The Connecticut College Department of Music has a full slate of concerts scheduled this spring, with programs as varied as the musicians performing.
Artists, musicians, technology specialists and researchers from all over the world gathered at Connecticut College Feb. 27- March 1 to share new ideas and explore the endless possibilities of the fusion of art and technology.
Here are our top 10 favorite moments from the 14th biennial Ammerman Center for Arts and Technology symposium:
Composer and violinist Mark Zaki, assistant professor of music at Rutgers University-Camden, performs his piece “no one can hear you dream” for voice, violin, video and live electronics. We think it is eye-catching.
Soprano Melissa Mino and a robot share the stage for the performance of “Galatea Reset” by Maurice Wright, the Laura H. Carnell Professor of Music Composition at Temple University’s Boyer College of Music and Dance. The piece comprises two excerpts from a lyric music-theater work written for robots and human performers. Who doesn’t love a singing R2-D2?
Abderrahmán Anzaldua performs the violin for the piece titled "Greed" by Christopher Biggs, assistant professor of digital composition at Western Michigan University. This stunning performance left us wanting more.
Visitors to the symposium exhibit at the Hygienic Art Galleries in downtown New London use a hand crank to play “Industrial Opus,” a kinetic sculpture built onto a shopping cart. The piece is a collaborative project from the George Mason University School of Art Experimental Lab.
Using custom software and Microsoft Kinect, artist Catherine Siller traverses the boundary between space and screen in a duet with her virtual self. The piece, "Not Not 0.1," investigates the relationships between digital mediated language, the body and identity.
Composer-improvisers Thomas Ciufo, assistant professor of music at Towson University, and Curtis Bahn, associate professor of music composition and interactive performance at Rensselaer Polytechnic Institute, perform “Sonic Constructions,” an interactive electronic music performance for computer-extended instruments. That’s a lot of cords.
Combining technology new and old, composers Keith Kirchoff and Christopher Jette create a real-time symphony. While one performer relates the real-time events via a series of tweets on a manual typewriter, the other reflects upon the same events via long-form essay on a smartphone. Audience members follow along on their own cellphones. #chronicled. (#ThatsActuallyTheTitle.)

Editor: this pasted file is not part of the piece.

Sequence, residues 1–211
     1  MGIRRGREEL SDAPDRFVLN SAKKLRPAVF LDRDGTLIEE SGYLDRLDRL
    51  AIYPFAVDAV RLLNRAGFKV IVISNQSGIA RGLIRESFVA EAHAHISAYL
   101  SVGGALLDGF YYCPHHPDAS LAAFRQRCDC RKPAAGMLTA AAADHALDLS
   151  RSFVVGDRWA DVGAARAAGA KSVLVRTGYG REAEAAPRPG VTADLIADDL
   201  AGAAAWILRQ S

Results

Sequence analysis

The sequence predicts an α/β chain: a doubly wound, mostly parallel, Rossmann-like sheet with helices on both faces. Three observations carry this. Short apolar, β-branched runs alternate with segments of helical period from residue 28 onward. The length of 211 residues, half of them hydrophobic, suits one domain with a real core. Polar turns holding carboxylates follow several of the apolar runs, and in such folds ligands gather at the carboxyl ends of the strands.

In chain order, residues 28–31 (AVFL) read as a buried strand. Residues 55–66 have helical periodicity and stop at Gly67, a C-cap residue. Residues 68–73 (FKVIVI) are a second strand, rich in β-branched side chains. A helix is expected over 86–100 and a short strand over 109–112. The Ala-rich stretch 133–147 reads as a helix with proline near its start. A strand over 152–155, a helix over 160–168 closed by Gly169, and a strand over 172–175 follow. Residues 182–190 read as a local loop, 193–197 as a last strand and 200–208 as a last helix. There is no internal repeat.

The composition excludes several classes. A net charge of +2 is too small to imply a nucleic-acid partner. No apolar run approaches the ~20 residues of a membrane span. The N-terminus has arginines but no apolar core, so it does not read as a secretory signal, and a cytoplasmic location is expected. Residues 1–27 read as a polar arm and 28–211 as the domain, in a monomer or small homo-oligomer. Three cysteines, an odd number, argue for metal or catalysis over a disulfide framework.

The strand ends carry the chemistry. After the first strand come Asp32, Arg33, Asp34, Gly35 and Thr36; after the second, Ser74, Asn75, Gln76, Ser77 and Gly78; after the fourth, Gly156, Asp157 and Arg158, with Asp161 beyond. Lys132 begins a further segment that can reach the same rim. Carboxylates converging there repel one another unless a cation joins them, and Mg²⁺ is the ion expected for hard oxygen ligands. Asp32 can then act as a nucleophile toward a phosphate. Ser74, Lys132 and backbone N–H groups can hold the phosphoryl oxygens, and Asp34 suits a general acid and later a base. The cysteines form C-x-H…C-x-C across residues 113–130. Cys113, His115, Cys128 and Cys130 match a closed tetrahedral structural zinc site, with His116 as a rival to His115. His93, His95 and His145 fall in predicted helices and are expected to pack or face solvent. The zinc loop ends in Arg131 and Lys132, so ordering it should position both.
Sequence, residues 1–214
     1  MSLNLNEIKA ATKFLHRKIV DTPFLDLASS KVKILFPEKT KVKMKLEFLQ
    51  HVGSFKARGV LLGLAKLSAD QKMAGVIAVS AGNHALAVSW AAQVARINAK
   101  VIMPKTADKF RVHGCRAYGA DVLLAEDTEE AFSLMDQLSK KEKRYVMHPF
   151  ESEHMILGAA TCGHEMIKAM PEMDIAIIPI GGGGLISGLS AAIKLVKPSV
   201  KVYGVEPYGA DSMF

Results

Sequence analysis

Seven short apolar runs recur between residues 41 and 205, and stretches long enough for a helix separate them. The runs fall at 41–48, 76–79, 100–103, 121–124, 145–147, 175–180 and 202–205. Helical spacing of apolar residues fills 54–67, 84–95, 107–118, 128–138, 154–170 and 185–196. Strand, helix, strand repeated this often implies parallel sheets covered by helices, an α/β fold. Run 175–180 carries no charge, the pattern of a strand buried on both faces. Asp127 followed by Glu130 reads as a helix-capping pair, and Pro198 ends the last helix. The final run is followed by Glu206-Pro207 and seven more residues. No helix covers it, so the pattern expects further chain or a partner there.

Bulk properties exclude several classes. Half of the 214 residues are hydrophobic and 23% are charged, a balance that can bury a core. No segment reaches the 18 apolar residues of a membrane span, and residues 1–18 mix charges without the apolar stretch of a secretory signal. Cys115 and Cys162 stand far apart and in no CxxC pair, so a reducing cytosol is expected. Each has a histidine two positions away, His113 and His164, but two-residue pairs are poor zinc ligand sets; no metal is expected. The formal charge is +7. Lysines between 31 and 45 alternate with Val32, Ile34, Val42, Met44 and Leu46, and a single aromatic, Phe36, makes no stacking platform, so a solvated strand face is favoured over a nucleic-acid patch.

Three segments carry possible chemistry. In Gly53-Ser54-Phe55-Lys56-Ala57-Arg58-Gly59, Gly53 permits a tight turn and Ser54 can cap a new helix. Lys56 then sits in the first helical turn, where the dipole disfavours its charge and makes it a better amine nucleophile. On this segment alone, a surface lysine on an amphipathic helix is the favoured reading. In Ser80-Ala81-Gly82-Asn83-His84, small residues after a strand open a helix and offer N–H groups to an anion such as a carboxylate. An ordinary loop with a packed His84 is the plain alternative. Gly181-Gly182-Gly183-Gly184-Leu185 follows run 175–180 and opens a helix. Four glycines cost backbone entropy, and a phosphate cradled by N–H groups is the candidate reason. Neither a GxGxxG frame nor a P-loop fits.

Media artist Butch Rovan, a professor of music and chair of the Department of Music at Brown University, uses a custom wireless music controller and video footage of South African dancer Ami Shulman to bring to life the ideas of Henri Bergson, whose meditations on time, matter and memory offer a philosophical framework of the multimedia experience. The piece is titled, "of the survival of images."
New media artist João Beira and musician Yago De Quay use an EEG headset and a depth sensor to create the coolest meditation experience we have ever seen. Their work, “BioMediation,” merges the tangible physical world with the emotional dimension.
Dozens of musicians positioned in front of laptops in countries all around the world perform together — live — under the direction of conductor Roger B. Dannenberg, a professor of computer science, art and music at Carnegie Mellon University. Dannenberg leads the Global Network Orchestra musicians using scrolling graphical scores, similar to those used in Guitar Hero. Besides being an unprecedented musical feat, the event proves once and for all that video games (or at least their technology) do have a purpose. Take that, Mom.
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